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BMJ Open. 2019 Feb 15;9(2):e024685. doi: 10.1136/bmjopen-2018-024685.

Therapist-guided and parent-guided internet-delivered behaviour therapy for paediatric Tourette's disorder: a pilot randomised controlled trial with long-term follow-up.

Author information

Centre for Psychiatry Research, Department of Clinical Neuroscience, Karolinska Institutet, Stockholm, Sweden.
Stockholm Health Care Services, Stockholm County Council, Stockholm, Sweden.
Division of Psychology, Department of Clinical Neuroscience, Karolinska Institutet, Stockholm, Sweden.
Tourette Syndrome Clinic, Great Ormond Street Hospital for Children NHS Foundation Trust, London, UK.
Institute of Child Health, University College London, London, UK.



Behaviour therapy (BT) for Tourette's disorder (TD) and persistent (chronic) motor or vocal tic disorder (PTD) is rarely available. We evaluated the feasibility of adapting two existing BT protocols for TD/PTD (habit reversal training (HRT) and exposure and response prevention (ERP)) into a therapist-guided and parent-guided online self-help format.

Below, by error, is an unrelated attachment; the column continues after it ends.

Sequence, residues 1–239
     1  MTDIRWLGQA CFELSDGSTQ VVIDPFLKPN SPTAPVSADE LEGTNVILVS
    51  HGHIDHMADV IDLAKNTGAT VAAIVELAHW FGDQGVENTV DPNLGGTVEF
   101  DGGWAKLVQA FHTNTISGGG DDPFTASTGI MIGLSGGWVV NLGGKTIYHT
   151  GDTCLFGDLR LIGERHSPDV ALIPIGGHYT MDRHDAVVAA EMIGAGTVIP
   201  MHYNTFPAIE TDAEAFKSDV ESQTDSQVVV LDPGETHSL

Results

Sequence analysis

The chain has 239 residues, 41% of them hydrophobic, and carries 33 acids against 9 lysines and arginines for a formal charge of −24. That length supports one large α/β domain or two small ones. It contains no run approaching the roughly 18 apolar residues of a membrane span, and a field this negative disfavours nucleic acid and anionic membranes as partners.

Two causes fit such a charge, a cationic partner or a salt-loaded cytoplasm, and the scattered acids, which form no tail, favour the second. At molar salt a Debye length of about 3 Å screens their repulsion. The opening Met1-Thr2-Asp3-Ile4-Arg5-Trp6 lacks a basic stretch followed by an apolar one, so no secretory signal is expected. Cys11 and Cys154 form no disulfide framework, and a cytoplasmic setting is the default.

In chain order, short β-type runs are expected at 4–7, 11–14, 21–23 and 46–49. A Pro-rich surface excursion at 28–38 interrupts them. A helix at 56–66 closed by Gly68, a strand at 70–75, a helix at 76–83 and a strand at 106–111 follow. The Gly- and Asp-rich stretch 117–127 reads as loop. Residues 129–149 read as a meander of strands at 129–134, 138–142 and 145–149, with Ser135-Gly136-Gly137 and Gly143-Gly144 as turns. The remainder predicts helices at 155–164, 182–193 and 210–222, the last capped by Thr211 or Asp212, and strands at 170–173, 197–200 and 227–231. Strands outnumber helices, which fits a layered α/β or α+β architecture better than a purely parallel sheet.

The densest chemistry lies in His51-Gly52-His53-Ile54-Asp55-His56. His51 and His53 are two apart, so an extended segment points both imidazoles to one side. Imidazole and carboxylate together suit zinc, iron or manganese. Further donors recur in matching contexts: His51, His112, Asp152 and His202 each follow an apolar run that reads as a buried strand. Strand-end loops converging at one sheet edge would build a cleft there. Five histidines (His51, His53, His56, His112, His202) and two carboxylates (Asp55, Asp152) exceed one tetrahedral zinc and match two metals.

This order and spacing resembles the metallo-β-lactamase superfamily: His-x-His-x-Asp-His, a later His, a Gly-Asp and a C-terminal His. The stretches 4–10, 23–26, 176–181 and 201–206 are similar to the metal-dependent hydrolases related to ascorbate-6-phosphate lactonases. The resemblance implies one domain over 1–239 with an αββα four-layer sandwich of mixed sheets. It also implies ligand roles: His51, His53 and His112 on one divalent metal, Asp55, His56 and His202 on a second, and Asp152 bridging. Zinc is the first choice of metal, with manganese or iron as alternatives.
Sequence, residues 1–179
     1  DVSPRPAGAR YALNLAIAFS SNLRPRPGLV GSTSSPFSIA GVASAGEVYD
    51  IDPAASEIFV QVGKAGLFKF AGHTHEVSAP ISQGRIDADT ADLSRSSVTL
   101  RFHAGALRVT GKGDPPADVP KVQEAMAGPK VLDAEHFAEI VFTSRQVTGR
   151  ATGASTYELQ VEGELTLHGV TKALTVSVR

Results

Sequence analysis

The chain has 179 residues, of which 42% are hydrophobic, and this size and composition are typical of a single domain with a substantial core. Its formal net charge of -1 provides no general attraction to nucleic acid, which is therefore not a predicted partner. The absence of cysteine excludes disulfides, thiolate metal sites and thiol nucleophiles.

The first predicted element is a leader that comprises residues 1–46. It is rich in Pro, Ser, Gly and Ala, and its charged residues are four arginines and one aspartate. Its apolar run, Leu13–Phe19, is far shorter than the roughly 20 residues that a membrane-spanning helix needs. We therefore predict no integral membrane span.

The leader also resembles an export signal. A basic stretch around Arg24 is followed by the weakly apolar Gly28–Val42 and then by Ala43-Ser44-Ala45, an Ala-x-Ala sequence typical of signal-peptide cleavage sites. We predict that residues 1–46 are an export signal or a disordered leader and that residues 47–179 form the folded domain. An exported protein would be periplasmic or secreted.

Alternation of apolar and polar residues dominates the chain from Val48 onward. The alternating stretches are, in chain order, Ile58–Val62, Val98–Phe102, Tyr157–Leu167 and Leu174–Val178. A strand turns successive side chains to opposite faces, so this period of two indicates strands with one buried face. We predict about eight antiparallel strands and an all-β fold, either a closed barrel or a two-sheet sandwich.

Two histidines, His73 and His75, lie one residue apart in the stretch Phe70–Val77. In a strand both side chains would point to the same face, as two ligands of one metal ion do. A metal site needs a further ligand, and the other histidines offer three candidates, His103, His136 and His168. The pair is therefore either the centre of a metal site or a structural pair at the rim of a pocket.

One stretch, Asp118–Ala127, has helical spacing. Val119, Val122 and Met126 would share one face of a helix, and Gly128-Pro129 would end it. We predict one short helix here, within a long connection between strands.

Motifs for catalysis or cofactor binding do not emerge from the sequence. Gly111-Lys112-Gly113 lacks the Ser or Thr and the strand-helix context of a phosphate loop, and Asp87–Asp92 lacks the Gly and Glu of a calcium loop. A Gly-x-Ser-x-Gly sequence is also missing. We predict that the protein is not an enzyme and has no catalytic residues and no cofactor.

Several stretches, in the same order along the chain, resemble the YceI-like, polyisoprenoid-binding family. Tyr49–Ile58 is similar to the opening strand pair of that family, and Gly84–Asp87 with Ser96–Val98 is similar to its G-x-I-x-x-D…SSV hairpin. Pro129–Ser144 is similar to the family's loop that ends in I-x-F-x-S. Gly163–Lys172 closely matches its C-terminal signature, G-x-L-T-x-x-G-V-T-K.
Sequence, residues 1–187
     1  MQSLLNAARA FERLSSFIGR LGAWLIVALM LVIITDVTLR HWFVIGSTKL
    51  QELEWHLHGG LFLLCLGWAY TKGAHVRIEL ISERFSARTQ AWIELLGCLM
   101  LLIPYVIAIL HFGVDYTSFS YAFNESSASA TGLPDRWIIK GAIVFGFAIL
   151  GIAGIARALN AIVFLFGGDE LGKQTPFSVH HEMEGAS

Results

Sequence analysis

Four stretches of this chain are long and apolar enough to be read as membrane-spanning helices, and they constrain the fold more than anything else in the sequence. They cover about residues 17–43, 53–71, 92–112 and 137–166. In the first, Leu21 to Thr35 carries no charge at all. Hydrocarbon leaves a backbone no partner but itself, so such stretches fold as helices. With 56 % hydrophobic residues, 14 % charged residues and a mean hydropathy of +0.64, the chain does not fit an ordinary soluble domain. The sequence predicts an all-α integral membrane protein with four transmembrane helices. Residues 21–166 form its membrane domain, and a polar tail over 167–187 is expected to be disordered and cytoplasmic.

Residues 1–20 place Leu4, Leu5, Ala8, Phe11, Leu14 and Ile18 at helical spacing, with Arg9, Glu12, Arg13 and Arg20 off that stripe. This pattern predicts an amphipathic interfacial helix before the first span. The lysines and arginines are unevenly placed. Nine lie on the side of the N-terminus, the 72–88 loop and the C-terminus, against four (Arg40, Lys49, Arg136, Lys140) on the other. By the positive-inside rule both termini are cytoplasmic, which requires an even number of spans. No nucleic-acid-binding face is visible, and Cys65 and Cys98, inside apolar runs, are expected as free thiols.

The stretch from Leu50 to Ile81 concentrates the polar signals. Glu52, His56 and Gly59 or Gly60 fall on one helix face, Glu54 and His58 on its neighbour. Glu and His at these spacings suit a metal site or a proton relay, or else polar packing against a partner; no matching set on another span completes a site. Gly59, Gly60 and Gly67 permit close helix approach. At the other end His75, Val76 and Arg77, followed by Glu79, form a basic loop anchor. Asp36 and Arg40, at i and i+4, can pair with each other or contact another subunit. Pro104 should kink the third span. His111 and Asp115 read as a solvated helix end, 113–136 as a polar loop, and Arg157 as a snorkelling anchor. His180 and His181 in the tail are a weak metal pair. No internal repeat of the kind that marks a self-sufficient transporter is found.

A pilot, single-blind, parallel group randomised controlled trial.


A specialist outpatient clinic in Sweden.


Twenty-three young people with TD/PTD, aged 8-16.


Two 10-week therapist-guided and parent-guided internet-delivered programmes (called BIP TIC HRT and BIP TIC ERP).


The primary outcome measure was the Yale Global Tic Severity Scale. Blinded evaluators rated symptoms at baseline, post-treatment and 3-month follow-up (primary endpoint). All participants were naturalistically followed up to 12 months after treatment.


Patients and parents rated the interventions as highly acceptable, credible and satisfactory. While both interventions resulted in reduced tic-related impairment, parent-rated tic severity and improved quality of life, only BIP TIC ERP resulted in a significant improvement on the primary outcome measure. Within-group effect sizes and responder rates were, respectively: d=1.12 and 75% for BIP TIC ERP, and d=0.50 and 55% for BIP TIC HRT. The therapeutic gains were maintained up to 12 months after the end of the treatment. Adverse events were rare in both groups. The average therapist support time was around 25 min per participant per week.


Internet-delivered BT has the potential to greatly increase access to evidence-based treatment for young people with TD/PTD. Further evaluation of the efficacy and cost-effectiveness of this treatment modality is warranted.


NCT02864589; Pre-results.


Tourette’s disorder; behaviour therapy; persistent (chronic) motor or vocal tic disorder; telemedicine

Conflict of interest statement

Competing interests: LFC and DM-C receive royalties for contributing articles to UpToDate, Wolters Kluwer Health.

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